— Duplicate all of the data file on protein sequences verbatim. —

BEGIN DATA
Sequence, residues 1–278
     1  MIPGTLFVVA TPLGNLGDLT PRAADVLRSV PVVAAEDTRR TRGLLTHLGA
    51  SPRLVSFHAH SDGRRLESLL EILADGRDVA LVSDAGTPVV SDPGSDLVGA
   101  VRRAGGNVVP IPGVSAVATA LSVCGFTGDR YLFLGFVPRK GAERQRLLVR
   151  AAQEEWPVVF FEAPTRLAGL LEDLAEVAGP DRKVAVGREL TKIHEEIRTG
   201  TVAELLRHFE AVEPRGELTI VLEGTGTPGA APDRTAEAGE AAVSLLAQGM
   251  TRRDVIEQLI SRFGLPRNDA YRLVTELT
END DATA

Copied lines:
Sequence, residues 1–278
     1  MIPGTLFVVA TPLGNLGDLT PRAADVLRSV PVVAAEDTRR TRGLLTHLGA
    51  SPRLVSFHAH SDGRRLESLL EILADGRDVA LVSDAGTPVV SDPGSDLVGA
   101  VRRAGGNVVP IPGVSAVATA LSVCGFTGDR YLFLGFVPRK GAERQRLLVR
   151  AAQEEWPVVF FEAPTRLAGL LEDLAEVAGP DRKVAVGREL TKIHEEIRTG
   201  TVAELLRHFE AVEPRGELTI VLEGTGTPGA APDRTAEAGE AAVSLLAQGM
   251  TRRDVIEQLI SRFGLPRNDA YRLVTELT